The Office of the Attorney General of the State of New York has reached a settlement with Zoom Video Communications. The agreement promises enhanced data security and user controls.
New York State Attorney General Letitia James made the announcement on May 7, 2020, following a state-led investigation into the video conferencing service launched in March 2020. The inquiry focused on the security concerns around the sudden widespread use of Zoom’s service during the COVID-19 pandemic lockdown.
The enhanced data security measures include encryption of data at rest, protection from hacker attempts at account access, and the implementation of a vulnerability management program and regular penetration testing. The enhanced privacy controls will be applied to all account tiers, including free accounts and accounts used in K-12 education.
User privacy has also been addressed by the agreement. This results in a severance of Zoom’s user-data sharing practice with Facebook and LinkedIn, particularly in cases where the user has explicitly selected the “anonymity” option. Zoom has agreed to provide the New York State Attorney General’s Office a copy of its annual security assessment report.
Full details of the agreement can be viewed on the New York State Attorney General’s website.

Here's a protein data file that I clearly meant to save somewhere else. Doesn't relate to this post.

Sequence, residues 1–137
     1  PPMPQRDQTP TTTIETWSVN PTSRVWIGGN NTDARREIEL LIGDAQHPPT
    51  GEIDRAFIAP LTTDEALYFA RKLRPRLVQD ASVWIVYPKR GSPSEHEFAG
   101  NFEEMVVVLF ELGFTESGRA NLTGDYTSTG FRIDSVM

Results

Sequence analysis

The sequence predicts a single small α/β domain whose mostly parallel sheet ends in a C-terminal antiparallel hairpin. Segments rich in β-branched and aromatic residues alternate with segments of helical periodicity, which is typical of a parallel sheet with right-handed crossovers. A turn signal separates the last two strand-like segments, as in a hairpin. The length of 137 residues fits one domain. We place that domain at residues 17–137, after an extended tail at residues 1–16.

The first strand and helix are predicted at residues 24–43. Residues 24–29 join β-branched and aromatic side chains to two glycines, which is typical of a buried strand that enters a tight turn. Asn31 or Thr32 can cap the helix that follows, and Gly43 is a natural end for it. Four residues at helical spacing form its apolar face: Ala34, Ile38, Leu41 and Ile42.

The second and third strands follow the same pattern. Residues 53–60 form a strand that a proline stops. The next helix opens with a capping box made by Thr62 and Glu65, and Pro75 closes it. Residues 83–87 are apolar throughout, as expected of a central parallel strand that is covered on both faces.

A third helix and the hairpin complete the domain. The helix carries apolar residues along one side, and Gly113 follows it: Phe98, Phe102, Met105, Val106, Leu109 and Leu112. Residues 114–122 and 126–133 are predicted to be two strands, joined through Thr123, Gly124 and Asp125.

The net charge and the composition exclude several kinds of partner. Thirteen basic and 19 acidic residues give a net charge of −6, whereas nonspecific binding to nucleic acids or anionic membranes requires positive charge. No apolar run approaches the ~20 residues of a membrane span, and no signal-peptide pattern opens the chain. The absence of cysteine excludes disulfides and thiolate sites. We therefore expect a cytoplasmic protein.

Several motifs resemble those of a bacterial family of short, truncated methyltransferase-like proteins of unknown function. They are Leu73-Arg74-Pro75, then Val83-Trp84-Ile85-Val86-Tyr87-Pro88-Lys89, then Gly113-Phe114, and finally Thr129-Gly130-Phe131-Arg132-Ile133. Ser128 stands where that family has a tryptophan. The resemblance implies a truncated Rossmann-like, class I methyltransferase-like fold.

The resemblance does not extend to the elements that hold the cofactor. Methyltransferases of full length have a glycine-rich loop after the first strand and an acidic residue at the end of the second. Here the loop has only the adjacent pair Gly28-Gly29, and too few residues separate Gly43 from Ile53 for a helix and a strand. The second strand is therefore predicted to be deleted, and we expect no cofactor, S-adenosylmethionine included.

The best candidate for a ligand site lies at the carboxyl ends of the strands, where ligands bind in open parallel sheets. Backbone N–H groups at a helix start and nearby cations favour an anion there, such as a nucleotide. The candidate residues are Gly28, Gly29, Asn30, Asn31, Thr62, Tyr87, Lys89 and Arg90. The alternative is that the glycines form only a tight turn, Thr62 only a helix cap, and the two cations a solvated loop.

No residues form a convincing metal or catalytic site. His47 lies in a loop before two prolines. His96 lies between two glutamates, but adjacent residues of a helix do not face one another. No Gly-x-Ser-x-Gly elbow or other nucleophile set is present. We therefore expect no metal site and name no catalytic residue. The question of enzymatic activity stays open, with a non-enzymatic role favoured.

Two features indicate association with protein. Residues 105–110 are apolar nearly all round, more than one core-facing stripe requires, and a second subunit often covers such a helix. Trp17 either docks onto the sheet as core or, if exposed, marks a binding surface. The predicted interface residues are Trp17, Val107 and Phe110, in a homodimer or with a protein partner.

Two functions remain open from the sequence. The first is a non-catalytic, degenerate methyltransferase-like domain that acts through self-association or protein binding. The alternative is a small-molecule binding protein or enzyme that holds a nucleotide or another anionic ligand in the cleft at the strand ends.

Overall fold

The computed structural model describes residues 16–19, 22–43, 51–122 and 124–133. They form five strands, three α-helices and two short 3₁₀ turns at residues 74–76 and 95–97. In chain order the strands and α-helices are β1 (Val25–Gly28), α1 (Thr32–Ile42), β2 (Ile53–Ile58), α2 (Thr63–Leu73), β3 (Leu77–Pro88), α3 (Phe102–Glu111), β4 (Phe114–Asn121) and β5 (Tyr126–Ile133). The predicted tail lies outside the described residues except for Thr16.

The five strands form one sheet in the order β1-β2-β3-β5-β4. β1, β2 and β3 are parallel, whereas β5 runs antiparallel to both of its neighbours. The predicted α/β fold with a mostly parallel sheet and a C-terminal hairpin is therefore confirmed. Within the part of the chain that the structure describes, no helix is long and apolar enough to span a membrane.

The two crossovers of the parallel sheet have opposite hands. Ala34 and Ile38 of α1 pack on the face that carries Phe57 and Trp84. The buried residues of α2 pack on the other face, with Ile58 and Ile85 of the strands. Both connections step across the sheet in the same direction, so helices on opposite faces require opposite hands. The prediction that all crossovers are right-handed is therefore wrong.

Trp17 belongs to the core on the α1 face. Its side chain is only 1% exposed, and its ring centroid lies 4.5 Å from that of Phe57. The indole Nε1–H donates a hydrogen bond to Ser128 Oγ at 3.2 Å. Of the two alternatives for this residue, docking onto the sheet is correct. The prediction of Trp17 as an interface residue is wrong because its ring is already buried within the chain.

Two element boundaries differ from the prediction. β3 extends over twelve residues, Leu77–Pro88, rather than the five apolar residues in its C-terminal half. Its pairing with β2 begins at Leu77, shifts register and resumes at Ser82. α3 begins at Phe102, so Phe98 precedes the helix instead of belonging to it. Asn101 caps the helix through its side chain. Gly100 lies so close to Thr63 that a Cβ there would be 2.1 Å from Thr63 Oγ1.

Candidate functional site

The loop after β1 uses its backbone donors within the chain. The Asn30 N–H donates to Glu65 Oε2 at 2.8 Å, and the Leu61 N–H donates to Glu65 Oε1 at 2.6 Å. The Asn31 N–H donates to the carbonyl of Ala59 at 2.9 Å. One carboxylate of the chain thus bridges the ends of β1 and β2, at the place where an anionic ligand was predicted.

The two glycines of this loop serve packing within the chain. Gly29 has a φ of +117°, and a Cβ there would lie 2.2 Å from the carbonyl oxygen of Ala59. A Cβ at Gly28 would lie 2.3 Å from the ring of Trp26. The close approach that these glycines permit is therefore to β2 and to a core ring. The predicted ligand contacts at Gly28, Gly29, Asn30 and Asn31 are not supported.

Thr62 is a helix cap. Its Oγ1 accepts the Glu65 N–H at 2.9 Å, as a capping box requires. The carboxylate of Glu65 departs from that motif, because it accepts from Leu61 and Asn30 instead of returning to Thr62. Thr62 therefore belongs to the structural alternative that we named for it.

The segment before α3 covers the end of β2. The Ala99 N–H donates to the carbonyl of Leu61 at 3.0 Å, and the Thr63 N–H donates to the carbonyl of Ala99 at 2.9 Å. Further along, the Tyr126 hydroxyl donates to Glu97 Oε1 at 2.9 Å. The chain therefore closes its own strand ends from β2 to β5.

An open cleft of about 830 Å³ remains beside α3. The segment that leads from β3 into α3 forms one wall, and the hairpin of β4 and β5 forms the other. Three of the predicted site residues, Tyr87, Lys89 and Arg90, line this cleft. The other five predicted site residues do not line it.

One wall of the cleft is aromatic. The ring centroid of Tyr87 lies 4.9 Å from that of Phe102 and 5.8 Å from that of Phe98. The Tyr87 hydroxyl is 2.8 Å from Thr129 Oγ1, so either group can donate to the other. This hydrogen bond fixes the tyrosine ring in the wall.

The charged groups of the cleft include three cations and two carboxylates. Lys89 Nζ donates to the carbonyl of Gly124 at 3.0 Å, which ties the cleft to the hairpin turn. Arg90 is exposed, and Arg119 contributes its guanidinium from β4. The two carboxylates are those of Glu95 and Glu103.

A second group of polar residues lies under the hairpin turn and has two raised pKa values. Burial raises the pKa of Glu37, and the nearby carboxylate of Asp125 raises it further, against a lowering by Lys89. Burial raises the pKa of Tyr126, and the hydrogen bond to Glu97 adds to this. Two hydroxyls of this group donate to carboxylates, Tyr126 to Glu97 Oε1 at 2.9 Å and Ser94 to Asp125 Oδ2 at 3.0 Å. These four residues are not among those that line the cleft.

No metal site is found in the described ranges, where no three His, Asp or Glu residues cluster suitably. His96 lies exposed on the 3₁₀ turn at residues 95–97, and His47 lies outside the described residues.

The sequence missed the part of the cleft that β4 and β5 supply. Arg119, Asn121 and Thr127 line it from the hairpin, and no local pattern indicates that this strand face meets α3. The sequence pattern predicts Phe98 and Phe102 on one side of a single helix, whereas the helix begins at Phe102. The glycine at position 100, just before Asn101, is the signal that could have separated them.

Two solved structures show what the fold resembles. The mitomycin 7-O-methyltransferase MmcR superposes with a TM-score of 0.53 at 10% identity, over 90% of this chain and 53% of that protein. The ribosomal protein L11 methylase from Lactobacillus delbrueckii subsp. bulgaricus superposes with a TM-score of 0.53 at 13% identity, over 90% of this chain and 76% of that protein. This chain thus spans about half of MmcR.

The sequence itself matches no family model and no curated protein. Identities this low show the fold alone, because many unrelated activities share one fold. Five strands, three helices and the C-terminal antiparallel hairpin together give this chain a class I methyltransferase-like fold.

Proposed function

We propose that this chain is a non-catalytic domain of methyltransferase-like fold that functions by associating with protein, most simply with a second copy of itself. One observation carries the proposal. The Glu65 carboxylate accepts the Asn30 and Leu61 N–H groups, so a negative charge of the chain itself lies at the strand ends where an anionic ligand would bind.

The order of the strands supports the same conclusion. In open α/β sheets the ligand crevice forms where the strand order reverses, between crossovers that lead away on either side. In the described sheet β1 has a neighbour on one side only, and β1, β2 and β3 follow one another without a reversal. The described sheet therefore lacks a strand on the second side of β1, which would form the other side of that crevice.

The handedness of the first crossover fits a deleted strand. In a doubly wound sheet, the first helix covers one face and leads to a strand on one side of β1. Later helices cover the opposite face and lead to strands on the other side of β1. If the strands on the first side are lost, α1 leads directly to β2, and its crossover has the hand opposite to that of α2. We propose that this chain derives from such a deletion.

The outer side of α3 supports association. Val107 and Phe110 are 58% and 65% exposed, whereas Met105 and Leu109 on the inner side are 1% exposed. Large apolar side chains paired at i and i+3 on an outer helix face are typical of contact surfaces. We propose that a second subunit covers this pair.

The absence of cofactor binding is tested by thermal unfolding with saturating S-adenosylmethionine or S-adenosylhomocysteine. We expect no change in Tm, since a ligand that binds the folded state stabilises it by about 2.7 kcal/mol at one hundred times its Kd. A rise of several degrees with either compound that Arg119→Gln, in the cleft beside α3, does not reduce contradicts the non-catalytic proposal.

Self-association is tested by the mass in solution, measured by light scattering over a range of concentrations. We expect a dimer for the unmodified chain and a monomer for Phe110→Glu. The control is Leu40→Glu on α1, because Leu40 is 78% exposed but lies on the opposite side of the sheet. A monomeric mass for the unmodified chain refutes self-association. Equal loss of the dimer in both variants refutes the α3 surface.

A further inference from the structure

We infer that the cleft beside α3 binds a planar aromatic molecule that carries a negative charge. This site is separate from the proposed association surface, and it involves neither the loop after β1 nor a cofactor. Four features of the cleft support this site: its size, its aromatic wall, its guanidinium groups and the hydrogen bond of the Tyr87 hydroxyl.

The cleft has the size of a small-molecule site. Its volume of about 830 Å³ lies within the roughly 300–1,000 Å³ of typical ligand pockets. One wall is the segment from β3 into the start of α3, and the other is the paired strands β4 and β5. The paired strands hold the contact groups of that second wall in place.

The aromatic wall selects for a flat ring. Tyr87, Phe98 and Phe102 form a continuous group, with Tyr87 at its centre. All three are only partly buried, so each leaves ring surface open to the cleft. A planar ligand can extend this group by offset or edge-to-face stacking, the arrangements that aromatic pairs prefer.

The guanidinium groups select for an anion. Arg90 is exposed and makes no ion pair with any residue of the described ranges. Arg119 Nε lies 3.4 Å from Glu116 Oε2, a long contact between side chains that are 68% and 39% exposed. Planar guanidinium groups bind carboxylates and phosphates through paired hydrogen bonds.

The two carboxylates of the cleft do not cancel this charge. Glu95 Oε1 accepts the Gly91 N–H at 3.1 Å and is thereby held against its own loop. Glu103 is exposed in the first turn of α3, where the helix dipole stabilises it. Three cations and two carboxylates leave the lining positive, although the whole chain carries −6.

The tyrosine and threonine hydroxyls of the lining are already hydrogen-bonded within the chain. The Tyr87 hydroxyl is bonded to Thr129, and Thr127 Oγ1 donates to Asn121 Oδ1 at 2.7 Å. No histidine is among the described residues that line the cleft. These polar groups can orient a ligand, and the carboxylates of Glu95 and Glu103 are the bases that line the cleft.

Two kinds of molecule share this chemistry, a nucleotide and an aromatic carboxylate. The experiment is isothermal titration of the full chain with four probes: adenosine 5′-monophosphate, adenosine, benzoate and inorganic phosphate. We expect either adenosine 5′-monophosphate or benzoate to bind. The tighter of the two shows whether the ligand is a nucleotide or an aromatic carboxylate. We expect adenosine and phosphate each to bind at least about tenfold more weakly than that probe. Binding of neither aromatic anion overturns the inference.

On a related note, federal US officials recognize the benefit to US citizens of web conferencing during the pandemic. This had led to the Office for Civil Rights division of the US Department of Health and Human Services announcing in March 2020 the temporary suspension of penalties for HIPAA noncompliance when using video conferencing services for telehealth.
The New York State Attorney General’s Office’s settlement with Zoom brings great benefit to all users of the service. Zoom will need to build the security mechanisms to comply with the settlement, and much of these enhancements address security concerns that have been raised about the service. Therefore, Zoom can incorporate the security enhancements in a comprehensive way while ensuring that it remains compliant with the terms of the agreement.
Of note in the settlement letter is Zoom’s requirement to encrypt data at rest in addition to data in transit. While this addresses the issue of user data stored in Zoom’s data centers, it does not explicitly mention end-to-end encryption per se; there is still an implied intermediary step between the encryption-in-transit and the encryption-at-rest states that is not explicit addressed in the agreement. Zoom customers are advised to wait and see how Zoom implements the security measures before concluding that Zoom is as secure as its rivals.
Info-Tech Research Group continues to stay on top of these developments. Watch this space for more updates.